Two years ago, I was the victim of what I might best describe as a genteel ambush, and became Chair of our Parish Council. Let’s be frank here, and note that we’re not talking about an empire here - our annual precept is just over £5,000, and the population for which I am theoretically in charge of is comfortably under 300. But, regardless, it is a responsibility that I take seriously.
The idea, I was informed, was that I would do two years and pass the role onto my Vice-Chair. And, I will admit, I was perfectly relaxed about that - power is not to be hoarded, it is to be shared, devolved. That said, I’d enjoyed my two years, and had found an unexpected niche in village life.
Annual Meetings take place in April or May usually, and we generally combine the two into one evening, the Annual Parish Meeting first, where various local worthies, the Parish Council Chair included, submit reports for consideration by Parish residents. There then follows the Annual Meeting of the Parish Council, where we elect officers and, if appropriate, sign documents.
Coronavirus put a stop to that, however, leaving us the question of what to do with the leadership of the Council. It was quickly decided that I should carry on for another year which either means that nobody else wants the job, or that I’m performing adequately. Of course, both could be equally true...
It would be fair to say that I’m not a radical Chair. I like short meetings, but encourage participation, maintain a reasonably tight grasp on procedure but am not fixated by it, and recognise the efforts of my colleagues, our Clerk and our residents. That doesn’t sound like rocket science, and it isn’t, but I see my role as being one of listening to people’s concerns, reflecting on what might be done, and using the tools available to us to achieve things.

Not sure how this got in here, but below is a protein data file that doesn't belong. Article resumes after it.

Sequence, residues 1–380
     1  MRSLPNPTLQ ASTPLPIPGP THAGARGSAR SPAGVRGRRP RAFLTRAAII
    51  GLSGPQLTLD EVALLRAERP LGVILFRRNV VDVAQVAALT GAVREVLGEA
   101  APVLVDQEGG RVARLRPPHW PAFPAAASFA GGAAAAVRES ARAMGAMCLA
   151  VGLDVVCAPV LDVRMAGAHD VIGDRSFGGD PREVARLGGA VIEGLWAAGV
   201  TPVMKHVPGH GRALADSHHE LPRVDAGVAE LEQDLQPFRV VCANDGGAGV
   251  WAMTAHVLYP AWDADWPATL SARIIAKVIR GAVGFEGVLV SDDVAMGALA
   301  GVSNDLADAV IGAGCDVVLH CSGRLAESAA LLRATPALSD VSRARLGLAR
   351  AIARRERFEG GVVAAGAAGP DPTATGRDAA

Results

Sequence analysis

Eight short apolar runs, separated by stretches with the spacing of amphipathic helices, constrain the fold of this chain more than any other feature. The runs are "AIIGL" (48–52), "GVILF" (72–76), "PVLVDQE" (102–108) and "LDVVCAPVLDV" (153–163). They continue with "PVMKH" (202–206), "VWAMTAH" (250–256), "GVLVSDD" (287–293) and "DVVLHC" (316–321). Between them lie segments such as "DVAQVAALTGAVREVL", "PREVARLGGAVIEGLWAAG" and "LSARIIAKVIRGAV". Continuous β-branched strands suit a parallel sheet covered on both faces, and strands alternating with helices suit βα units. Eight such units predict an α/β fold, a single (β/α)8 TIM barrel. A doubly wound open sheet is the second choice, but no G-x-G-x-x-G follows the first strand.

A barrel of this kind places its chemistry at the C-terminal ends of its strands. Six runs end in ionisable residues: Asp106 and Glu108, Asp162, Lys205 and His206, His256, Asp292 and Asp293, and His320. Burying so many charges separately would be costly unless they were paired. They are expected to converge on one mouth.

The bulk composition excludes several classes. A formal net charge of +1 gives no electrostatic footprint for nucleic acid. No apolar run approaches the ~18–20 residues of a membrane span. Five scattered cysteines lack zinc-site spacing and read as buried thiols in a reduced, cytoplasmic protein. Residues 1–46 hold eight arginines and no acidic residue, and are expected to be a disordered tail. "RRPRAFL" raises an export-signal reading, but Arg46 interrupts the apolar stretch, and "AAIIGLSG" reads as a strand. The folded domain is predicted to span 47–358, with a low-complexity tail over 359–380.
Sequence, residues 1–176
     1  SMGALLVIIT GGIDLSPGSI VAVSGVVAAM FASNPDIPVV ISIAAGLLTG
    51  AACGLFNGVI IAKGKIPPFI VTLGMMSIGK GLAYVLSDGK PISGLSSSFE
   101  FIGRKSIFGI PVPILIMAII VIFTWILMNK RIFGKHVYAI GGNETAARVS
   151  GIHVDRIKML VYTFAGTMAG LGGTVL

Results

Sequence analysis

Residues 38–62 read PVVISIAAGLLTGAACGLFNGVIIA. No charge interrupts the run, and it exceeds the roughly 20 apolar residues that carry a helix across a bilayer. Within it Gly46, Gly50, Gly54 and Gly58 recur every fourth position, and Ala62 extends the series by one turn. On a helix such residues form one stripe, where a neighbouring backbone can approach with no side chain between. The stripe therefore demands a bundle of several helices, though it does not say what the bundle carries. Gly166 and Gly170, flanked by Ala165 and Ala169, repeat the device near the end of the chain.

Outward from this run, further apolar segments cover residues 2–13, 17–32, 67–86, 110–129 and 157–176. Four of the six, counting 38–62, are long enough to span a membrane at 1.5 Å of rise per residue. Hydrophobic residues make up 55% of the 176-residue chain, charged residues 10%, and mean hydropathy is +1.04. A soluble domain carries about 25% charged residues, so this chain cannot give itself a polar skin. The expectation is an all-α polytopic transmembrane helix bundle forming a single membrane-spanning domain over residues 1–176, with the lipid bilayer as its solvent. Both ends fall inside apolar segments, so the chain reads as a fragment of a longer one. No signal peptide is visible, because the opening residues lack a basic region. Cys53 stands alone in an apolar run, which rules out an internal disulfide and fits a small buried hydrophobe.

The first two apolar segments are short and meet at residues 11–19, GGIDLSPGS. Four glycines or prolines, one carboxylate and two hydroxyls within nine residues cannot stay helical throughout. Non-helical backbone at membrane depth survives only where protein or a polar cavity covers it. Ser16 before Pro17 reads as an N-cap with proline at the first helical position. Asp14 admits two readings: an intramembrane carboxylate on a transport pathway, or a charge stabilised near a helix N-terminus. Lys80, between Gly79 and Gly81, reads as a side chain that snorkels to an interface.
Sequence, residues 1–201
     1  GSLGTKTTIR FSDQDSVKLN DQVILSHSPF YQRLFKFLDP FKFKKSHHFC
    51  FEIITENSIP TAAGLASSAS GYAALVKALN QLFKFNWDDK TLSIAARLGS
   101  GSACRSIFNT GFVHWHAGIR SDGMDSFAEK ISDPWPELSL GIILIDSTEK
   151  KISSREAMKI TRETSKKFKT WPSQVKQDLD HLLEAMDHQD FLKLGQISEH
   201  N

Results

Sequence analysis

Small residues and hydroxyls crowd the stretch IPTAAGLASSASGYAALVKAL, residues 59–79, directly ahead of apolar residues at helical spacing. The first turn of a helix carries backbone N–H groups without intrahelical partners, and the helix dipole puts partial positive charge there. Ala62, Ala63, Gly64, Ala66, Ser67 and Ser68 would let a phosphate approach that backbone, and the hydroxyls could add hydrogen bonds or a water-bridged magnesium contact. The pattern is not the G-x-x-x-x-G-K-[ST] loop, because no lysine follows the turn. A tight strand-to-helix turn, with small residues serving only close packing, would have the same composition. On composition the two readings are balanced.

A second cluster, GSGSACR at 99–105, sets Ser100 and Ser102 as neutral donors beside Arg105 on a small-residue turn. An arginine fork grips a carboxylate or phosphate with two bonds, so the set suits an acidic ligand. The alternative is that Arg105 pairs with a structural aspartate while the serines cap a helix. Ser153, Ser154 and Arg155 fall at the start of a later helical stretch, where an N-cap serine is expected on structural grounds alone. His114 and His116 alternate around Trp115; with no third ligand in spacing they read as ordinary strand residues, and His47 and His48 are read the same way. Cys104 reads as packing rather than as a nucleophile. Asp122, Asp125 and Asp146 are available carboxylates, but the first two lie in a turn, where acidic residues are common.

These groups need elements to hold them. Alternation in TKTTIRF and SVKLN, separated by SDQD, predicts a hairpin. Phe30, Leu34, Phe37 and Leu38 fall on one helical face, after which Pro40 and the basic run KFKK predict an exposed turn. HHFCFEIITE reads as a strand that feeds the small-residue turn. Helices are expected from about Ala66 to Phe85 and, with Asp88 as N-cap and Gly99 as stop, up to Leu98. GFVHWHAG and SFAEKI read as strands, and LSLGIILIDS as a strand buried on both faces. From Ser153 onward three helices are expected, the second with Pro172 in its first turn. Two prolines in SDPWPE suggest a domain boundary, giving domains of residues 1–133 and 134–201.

Walking around the village as part of my 10,000 steps a day habit doesn’t hurt either, especially during the spring and summer when people are out and about. Admittedly, it does mean that a walk tends to take longer than it might otherwise do sometimes, but I learn a lot from the conversations I have.
And, of course, I have access to the incredible knowledge and experience of Ros, who has probably forgotten more about local government than I will ever know. Any rash notions I might have are usually tempered by a few words of wisdom from her, which makes me a better Chair.
So, another year starts, albeit under rather strange circumstances. We’ve held our first virtual meeting to deal with another controversial planning application and some financial management issues, and that seemed to go well enough. The leaflet that we circulated around the Parish with contact details in the event that anyone needed help has led to a couple of requests that have been taken care of, which is nice, although most people here are either wholly self-sufficient or have neighbours or nearby family who are looking after them.
And I really ought to write an annual report for circulation, I guess. I might leave out any reference to the absence of a plague of frogs this year - can’t be too careful...
There must be a book in this. ;-)
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